NFC South: Richie Brockel

Panthers Camp Report: Day 14

August, 11, 2014
Aug 11
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SPARTANBURG, S.C. -- A daily review of the hot topics coming out of the Carolina Panthers training camp from Wofford College:
  • Twenty years ago, for Carolina's inaugural trip to Wofford College for camp, there were 10 consecutive days when the temperature topped 100 degrees. It was an issue. This year it's the lack of heat that concerns coach Ron Rivera. He would have liked a few more hot, humid days to prepare Carolina for what it will face in the opener at Tampa Bay. Many days have been in the 70s. One practice was so cool that Rivera had to wear a jacket. So when the humidity rose toward the end of Monday's practice, you could see players wear down and the intensity decline. Rivera spent longer than normal talking to the team afterwards, reminding "you've got to fight it because that's probably what we're going to face when we go to Tampa Bay.''
  • Tight end/fullback Richie Brockel demonstrated why he will make the final roster during one-on-one drills with the linebackers. First he handled outside linebacker Thomas Davis and then he held his own against linebacker Chase Blackburn. Rivera said Brockel demonstrates the kind of toughness he wants to see from all his players. "It transfers to the rest of the team,'' he said. Brockel jokingly said he volunteered to play defense.
  • Rivera says he hasn't settled on a starting offensive line, but it appears set with Byron Bell at left tackle, Amini Silatolu at left guard, Ryan Kalil at center, Trai Turner at right guard and Nate Chandler at right tackle. The position of most concern entering camp was left tackle. Bell started the preseason opener and was there again for Monday's practice in full pads. He left at one point with a minor issue with patella tendinitis, but Rivera insisted that won't keep him out of a game. Garry Williams finished at left tackle and likely will give relief to both tackles when the season begins.
  • Undrafted rookie running back Darrin Reaves left practice with a knee injury and likely will be held out the next few days. He's impressed with his toughness and hard-nosed running, in some ways more than Kenjon Barner. Also out were defensive end Charles Johnson (hamstring), defensive end Mario Addison (flu), defensive end Kony Ealy (foot) and offensive lineman Derek Dennis (flu).
  • Wide receivers Tiquan Underwood, Brenton Bersin and Tavarres King began one segment of team drills so the coaches could get an idea of what they can do with quarterback Cam Newton. The staff is looking for a few receivers to consistently step up after the top three of Kelvin Benjamin, Jerricho Cotchery and Jason Avant. Underwood, signed as a free agent, looked good with a catch on the first play. Then he dropped the second pass that hit him in the numbers. If you were setting the 53-man roster today, he'd be around 54 or 55.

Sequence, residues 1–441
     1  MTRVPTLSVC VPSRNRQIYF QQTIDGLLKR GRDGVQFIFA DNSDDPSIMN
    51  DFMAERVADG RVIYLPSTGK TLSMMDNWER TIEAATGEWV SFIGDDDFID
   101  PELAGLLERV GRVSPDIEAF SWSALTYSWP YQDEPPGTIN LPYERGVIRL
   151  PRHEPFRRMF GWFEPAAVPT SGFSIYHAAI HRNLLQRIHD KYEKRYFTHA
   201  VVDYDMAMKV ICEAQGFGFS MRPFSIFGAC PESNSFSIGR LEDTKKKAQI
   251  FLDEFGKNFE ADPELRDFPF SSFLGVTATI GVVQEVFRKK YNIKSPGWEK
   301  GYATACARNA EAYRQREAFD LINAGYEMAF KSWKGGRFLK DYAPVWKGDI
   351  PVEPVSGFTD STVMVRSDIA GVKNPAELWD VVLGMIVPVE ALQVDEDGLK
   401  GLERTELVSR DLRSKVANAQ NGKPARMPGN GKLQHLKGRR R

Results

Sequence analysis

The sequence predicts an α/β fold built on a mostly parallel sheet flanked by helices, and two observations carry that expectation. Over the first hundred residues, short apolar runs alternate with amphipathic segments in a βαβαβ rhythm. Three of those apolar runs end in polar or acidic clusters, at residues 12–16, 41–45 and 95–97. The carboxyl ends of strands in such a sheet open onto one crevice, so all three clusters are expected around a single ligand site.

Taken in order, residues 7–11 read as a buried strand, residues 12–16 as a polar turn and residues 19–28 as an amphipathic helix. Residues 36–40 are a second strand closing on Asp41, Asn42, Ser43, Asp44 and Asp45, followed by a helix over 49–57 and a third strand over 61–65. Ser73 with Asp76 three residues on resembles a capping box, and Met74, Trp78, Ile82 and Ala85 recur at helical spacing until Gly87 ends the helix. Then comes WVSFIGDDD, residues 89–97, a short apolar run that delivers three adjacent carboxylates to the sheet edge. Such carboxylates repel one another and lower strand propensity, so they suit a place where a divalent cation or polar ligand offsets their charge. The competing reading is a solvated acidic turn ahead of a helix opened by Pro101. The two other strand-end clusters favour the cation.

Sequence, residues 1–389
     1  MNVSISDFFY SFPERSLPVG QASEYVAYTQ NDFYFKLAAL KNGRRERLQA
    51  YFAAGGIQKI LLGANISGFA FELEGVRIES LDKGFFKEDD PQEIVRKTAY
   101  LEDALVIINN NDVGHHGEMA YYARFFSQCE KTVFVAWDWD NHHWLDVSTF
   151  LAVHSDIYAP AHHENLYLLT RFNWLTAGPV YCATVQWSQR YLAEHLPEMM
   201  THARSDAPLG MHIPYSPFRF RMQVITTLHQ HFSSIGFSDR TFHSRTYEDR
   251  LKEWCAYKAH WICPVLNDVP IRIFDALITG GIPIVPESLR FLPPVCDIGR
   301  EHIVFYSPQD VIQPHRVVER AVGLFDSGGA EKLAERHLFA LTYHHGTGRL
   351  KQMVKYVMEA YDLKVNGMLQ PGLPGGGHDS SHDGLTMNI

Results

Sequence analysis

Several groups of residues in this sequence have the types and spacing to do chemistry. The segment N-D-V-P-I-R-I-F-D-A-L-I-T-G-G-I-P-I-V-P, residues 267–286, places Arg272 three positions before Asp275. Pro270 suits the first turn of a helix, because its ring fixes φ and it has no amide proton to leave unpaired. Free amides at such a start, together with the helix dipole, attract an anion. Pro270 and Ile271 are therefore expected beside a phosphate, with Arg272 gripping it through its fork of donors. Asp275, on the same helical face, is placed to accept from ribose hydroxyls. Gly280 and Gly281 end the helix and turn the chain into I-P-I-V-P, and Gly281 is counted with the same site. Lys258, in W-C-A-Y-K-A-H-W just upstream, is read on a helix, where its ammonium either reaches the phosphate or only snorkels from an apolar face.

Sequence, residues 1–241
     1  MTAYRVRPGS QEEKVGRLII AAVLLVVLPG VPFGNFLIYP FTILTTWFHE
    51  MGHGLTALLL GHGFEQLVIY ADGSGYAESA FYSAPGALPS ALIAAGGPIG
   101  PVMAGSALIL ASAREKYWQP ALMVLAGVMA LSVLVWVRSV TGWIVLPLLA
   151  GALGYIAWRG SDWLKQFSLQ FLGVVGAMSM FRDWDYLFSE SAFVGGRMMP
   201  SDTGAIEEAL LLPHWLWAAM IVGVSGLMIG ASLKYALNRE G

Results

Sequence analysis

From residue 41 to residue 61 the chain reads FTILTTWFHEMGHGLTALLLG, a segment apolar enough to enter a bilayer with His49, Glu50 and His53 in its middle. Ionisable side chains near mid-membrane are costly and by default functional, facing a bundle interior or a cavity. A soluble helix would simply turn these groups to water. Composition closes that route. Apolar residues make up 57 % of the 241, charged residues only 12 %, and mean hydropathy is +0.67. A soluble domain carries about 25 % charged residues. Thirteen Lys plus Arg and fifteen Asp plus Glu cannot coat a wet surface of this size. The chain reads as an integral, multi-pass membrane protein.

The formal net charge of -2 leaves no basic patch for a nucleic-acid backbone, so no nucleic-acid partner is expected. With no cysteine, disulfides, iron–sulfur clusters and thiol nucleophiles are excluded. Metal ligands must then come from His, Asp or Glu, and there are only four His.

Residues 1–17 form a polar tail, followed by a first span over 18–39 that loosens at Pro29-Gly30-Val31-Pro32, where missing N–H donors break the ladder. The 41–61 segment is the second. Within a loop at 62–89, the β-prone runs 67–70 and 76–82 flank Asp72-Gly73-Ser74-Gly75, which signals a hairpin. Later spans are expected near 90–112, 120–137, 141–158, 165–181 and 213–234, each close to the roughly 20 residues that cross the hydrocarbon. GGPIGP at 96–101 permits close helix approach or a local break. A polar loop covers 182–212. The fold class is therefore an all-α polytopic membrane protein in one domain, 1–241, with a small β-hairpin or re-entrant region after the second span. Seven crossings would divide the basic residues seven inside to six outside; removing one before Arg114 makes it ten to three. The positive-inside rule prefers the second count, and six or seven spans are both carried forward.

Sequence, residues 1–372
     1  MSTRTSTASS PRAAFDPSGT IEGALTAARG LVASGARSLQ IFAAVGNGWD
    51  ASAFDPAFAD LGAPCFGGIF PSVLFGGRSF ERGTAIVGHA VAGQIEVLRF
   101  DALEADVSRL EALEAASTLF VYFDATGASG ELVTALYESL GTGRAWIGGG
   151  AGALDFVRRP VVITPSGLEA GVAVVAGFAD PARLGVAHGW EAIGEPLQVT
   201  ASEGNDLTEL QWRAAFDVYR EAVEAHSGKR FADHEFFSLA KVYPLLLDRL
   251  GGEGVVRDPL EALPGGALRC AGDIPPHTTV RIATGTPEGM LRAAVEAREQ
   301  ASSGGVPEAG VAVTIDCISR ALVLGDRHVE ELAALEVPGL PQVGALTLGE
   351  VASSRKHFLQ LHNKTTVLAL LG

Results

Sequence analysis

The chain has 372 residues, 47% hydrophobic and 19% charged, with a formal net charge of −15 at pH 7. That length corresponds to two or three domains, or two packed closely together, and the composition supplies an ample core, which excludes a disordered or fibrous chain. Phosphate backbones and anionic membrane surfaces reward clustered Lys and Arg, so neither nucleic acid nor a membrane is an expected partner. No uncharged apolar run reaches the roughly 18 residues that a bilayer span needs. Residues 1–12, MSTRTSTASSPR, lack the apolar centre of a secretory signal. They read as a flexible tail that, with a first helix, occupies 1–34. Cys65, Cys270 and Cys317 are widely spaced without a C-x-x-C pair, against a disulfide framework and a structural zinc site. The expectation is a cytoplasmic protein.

• The Panthers practice at 9:25 a.m. ET on Tuesday, the final session of camp in Spartanburg before returning to Charlotte, N.C., for the rest of the preseason.

Panthers Camp Report: Day 3

July, 27, 2014
Jul 27
7:15
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SPARTANBURG, S.C. -- A daily review of the hot topics coming out of the Carolina Panthers training camp from Wofford College:
  • If you were looking for something definitive at the left tackle position after the first practice in pads, sorry. Byron Bell and Nate Chandler both got opportunities there and both did well in giving quarterback Cam Newton time to throw. Bell started off on the left side during 7-on-7 drills and Chandler began team drills there. In one-on-one drills Chandler did a nice job of taking defensive end Charles Johnson to the ground once. The Panthers will continue to use both players there for the next few weeks as they look to replace retired Jordan Gross, who has lost so much weight he could play tight end or wide receiver. Coach Ron Rivera wants to make a decision on the starter after the second preseason game. The Panthers will face some good pass-rushers in Buffalo end Mario Williams and Kansas City linebackers Justin Houston and Dee Ford from a 3-4 set. Williams had 4.5 sacks in Week 2 against Carolina last season with most coming against Bell playing right tackle. Stay tuned. Too close to call, but both are showing potential.